But most importantly, what happens to my children if we both die without a will?  Won’t they just give them to my brother or parents?  Most likely, yes.  But we all know most families have drama.  What if they give them to the “wrong” sibling in your family.  What if it causes fights after your death?  Is that what you really want?  Your kids getting in the middle of something because you didn’t take an hour to get your will done?  Do your entire family a favor and lay things out as you wish them to be.  Talk to the members who are directly involved.  Heck, talk to those who aren’t directly involved and let them know upfront what your last wishes are, and how you’d like things to be handled in the worst-case scenario of your death.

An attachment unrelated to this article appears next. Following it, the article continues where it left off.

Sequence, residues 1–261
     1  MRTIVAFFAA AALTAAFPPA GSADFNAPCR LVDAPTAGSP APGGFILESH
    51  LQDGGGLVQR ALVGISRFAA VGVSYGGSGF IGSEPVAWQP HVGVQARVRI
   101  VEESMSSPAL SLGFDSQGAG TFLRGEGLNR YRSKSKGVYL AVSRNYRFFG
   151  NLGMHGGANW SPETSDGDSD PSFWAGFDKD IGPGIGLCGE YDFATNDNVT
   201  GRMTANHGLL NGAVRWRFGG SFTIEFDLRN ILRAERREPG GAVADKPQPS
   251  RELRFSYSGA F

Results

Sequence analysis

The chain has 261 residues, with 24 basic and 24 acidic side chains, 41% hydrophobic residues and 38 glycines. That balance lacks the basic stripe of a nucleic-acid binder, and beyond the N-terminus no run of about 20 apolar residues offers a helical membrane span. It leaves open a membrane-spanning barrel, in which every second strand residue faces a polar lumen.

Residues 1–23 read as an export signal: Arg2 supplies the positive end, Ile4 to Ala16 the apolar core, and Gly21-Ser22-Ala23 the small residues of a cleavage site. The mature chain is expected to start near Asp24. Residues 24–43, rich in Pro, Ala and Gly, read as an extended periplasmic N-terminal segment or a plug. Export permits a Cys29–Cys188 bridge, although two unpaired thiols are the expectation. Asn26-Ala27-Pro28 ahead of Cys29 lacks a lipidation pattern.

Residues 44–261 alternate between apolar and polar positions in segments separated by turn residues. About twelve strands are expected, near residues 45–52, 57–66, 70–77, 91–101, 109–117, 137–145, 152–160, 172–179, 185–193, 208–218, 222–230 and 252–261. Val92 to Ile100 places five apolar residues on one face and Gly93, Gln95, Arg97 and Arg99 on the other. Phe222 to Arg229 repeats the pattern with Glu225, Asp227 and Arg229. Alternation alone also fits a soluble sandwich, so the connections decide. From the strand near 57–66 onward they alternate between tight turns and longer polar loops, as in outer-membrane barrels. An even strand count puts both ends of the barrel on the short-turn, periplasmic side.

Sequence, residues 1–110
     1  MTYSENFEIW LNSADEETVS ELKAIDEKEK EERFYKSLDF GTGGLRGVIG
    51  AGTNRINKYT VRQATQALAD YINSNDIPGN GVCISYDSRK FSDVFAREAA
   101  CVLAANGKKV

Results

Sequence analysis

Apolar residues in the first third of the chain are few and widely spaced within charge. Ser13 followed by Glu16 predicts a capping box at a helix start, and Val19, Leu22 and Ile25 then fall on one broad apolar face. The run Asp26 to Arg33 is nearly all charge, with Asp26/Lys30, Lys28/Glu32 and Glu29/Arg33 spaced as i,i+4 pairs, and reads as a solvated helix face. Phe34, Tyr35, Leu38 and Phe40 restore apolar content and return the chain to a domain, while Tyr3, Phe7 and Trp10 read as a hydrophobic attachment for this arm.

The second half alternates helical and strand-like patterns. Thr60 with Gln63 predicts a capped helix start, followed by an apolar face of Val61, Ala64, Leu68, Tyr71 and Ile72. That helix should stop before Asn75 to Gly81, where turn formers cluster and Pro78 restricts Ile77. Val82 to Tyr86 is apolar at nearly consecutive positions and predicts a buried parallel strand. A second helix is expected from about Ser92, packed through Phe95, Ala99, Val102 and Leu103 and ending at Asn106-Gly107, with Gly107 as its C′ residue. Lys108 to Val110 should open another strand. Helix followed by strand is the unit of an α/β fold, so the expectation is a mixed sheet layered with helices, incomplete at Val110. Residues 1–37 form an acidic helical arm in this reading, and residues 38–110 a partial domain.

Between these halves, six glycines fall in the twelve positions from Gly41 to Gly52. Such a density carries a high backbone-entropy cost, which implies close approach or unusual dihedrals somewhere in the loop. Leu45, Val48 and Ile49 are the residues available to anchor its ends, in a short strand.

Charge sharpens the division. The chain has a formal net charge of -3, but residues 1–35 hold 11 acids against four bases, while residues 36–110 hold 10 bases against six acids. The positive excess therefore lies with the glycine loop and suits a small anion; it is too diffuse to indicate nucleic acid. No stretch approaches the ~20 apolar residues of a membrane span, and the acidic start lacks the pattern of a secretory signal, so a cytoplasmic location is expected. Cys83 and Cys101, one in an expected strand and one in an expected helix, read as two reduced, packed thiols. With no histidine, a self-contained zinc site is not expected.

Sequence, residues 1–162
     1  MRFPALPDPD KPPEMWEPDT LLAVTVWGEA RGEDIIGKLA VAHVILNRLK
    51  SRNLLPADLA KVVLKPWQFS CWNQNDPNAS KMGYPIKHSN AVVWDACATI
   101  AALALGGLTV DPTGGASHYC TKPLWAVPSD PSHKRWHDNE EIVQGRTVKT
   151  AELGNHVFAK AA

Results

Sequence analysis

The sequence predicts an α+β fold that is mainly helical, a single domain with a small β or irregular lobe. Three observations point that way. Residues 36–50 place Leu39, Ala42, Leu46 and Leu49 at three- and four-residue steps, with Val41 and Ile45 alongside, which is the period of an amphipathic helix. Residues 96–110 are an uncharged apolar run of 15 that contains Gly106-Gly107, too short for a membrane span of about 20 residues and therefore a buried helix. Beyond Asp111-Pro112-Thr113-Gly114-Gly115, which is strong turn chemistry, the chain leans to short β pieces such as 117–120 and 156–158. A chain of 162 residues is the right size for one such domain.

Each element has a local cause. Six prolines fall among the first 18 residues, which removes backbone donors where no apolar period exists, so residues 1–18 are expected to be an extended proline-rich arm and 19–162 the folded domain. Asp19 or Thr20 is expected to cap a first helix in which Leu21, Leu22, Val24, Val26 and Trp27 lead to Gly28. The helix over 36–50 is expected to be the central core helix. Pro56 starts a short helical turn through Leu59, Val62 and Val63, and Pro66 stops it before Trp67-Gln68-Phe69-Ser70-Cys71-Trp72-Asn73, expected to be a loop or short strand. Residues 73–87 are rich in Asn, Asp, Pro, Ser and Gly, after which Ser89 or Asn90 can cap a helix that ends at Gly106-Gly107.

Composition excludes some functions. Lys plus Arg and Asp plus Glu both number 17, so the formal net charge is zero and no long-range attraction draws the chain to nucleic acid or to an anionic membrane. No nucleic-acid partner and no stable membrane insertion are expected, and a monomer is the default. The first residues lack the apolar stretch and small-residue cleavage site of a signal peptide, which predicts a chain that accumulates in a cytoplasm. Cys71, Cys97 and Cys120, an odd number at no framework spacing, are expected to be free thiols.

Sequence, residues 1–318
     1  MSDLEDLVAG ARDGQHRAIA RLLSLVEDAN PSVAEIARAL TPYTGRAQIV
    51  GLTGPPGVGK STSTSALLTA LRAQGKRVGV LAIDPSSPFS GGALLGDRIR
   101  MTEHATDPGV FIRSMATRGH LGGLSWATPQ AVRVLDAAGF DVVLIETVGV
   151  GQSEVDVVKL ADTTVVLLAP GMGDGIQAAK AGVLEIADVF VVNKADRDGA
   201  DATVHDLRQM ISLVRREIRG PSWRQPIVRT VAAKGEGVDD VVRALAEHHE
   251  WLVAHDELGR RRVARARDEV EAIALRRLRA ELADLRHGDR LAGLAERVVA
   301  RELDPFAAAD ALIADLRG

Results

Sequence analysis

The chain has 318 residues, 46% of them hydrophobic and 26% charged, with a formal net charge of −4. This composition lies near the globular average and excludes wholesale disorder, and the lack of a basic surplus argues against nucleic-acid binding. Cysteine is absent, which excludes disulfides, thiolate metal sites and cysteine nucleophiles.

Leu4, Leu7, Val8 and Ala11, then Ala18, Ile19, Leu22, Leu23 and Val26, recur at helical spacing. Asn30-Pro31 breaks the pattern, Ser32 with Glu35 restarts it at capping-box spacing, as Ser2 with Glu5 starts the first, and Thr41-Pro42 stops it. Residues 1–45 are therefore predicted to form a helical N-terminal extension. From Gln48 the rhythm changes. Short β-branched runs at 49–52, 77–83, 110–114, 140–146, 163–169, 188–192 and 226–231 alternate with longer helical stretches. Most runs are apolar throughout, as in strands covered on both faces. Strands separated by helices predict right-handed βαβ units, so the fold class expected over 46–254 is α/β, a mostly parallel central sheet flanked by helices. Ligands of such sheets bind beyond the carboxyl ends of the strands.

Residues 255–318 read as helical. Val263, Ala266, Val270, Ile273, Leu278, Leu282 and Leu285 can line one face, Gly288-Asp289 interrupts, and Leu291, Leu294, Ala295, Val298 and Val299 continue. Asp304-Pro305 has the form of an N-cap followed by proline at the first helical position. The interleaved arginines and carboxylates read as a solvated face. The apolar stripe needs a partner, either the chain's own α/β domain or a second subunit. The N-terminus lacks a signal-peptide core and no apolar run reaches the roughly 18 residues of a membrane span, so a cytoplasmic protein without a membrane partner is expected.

Long term disability (LTD for short) insurance is the most cost-effective way to protect your income in the case where you’re unable to work.  Did you know that 1 in 4 people become disabled at some point before they retire?  LTD will typically pay about 60% of your income when considered disabled and unable to work for a long period of time.  Policies vary on how long you must wait in order to be able to collect, how long the policy will pay for and how much it will pay, but on the overall, it’s a great buy and one that no working parent should be without. 

What about short-term disability?  I don’t often recommend short term policies. Rather, I recommend you follow good money management behaviors, get out of debt, and use your emergency funds to cover any short-term losses.